Article 13: the overdue facelift for copyright law online

Art13MemeFrom Jonathan Appleby

Image creators could be thrown a lifeline by the EU if Article 13 is passed. However, many are keen to brand the much needed new proposal as creating limitations for Internet users. Somehow in a bid to close the online value gap for creators, some are so distressed that hashtags such as #SaveYourInternet are being brought to arms. But before getting wild with the retweet fearing the Internet is about die – let’s look how this new proposal could save photographers and other creators, and how all this scaremongering is misconceived.

The photographer’s stitch

Copyright online is a near myth that the majority of online users fail to grasp. In the digital era, content is ieasy to obtain for free, so the idea of paying for it seems like nothing but a scam. I learned this all when working with a company that supports photographers reclaiming their lost income due to unauthorised commercial usages of their work. We were inundated with absurd excuses from image users who were often annoyed or disbelieving when we told them they owed money to photographers – “but it was on Google, everything there is free” was often how the story would start. I learned that the vast majority didn’t infringe on photographers’ rights maliciously, but it was a result of a lack of education surrounding copyright online.y

On top of this, content can spread like wildfire online leaving creators at a disadvantahge when trying to enforce their rights. Worst yet is that the laws that are meant to protect them are outdated with legal loopholes that make it an uphill battle to defend their rights. Also, it can be hard for creators to size up the scale of the profit lost due to little transparency online. Another major issue faced by creators is the lack of consistency in the law that makes enforcement of copyright a challenge with diverging processes required across different jurisdictions.

How Article 13 can help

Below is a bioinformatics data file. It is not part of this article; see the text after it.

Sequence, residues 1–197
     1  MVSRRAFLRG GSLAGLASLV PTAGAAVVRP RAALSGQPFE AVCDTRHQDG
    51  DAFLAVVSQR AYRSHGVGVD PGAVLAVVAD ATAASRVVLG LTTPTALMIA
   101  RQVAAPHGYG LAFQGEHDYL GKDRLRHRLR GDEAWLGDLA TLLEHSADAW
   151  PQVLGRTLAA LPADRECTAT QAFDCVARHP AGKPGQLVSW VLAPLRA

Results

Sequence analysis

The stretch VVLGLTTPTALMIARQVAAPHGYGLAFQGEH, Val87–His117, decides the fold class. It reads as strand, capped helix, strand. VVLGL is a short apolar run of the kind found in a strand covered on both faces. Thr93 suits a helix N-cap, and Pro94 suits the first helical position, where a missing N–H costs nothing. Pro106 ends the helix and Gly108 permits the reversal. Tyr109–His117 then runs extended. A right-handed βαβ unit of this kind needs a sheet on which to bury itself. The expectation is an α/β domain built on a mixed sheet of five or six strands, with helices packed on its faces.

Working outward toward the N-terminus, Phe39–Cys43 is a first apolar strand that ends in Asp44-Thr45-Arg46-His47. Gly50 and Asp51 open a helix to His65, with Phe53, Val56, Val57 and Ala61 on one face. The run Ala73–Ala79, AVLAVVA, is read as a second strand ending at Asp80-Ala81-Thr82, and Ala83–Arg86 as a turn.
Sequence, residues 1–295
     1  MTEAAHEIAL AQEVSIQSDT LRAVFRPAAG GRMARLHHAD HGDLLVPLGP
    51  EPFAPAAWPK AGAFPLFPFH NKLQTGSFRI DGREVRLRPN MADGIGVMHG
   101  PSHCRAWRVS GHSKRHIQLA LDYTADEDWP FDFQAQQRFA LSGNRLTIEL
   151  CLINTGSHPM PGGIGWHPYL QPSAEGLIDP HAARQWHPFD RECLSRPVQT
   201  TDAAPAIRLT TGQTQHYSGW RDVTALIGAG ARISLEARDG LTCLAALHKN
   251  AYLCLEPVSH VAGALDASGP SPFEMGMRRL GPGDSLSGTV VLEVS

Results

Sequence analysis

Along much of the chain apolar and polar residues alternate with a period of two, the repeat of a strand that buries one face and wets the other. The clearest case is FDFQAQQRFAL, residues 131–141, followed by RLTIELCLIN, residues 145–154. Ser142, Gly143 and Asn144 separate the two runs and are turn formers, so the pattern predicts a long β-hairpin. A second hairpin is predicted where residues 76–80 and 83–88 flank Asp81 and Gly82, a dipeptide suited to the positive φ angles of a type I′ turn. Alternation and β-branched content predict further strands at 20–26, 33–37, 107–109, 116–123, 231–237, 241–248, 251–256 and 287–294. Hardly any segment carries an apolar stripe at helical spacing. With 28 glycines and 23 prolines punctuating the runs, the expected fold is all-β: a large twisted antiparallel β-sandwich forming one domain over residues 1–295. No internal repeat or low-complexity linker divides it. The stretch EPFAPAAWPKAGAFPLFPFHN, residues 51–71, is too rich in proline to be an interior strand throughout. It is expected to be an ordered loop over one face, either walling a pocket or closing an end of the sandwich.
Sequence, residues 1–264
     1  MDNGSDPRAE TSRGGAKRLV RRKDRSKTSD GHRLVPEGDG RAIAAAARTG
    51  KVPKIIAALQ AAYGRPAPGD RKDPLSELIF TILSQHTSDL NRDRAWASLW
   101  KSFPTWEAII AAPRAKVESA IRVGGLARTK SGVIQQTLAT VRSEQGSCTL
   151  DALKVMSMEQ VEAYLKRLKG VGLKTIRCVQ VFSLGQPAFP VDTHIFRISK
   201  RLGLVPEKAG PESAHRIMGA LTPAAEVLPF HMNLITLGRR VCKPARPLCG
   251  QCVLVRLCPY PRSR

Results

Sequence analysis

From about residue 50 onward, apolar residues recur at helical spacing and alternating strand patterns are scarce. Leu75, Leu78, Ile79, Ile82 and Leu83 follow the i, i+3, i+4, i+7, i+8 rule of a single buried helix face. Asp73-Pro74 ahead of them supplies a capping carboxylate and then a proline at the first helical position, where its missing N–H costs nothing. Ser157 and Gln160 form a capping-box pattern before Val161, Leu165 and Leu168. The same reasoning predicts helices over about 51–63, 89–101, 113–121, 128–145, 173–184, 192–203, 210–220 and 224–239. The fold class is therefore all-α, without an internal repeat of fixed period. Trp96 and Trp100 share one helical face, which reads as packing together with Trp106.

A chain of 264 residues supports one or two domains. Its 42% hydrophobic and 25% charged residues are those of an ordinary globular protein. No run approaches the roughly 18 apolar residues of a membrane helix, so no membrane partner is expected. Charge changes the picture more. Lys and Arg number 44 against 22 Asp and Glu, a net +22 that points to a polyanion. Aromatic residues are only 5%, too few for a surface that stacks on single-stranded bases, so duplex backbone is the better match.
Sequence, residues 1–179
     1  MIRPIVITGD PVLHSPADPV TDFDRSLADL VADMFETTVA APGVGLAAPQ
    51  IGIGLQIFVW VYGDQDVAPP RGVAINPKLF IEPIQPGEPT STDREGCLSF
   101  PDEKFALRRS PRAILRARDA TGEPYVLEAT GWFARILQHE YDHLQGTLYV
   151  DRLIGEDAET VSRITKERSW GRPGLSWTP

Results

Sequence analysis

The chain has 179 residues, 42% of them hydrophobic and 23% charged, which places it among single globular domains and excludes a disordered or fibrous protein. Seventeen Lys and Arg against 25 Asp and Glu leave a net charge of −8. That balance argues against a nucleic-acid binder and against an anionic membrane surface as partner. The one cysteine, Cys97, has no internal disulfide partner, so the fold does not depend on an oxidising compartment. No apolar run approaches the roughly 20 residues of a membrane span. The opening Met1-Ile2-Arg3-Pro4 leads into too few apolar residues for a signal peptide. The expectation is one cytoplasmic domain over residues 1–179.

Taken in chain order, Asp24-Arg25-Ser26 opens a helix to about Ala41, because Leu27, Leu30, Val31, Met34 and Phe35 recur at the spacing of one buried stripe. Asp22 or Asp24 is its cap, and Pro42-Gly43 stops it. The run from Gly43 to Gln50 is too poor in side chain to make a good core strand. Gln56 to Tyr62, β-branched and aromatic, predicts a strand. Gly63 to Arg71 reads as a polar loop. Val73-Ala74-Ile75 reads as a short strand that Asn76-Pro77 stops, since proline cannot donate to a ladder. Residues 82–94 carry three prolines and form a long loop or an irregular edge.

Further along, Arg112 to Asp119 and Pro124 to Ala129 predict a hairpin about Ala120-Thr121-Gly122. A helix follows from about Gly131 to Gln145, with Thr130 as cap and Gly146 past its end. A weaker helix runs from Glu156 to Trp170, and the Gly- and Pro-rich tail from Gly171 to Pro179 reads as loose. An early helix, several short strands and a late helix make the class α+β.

This is where Article 13 comes in. The aim of the new proposals is to guarantee that authors and rightholders receive a fair share of the value that is generated by the use of their works. The new proposals are there to try and close the value gap, unify copyright law in Europe, and remove legal loopholes. Article 13 wants to put pressure on online service providers to consider copyright so that work can be better linked to the author. As well as better transparency so that creators can be updated on where their work is going and the scale of profit.  The proposals also hope that there will be better systems put in place by online service providers that allow rightholders to report infringements easily online. In all, it hopes to make the Internet a fairer marketplace for both the consumer and the creator.h

Framing the persistent loophole in the law

Another major issue that affects rightsholders online is framing of their images. This allows Internet users to share content for any purpose, anywhere online without infringing rights. No copyright attribution needed. No permission or payment required. This is essentially legalized theft. Despite the different technical method of displaying the image, on the website, it looks exactly the same. As it stands, photographers are currently powerless when it comes to protecting their images against image framing. Article 13 doesn’t plan to address this issue yet, but it’s the first major movement to better protect creators’ works and step in the right direction. However, due to this legal loophole, it could weaken the positive impact of Article 13.

The fake news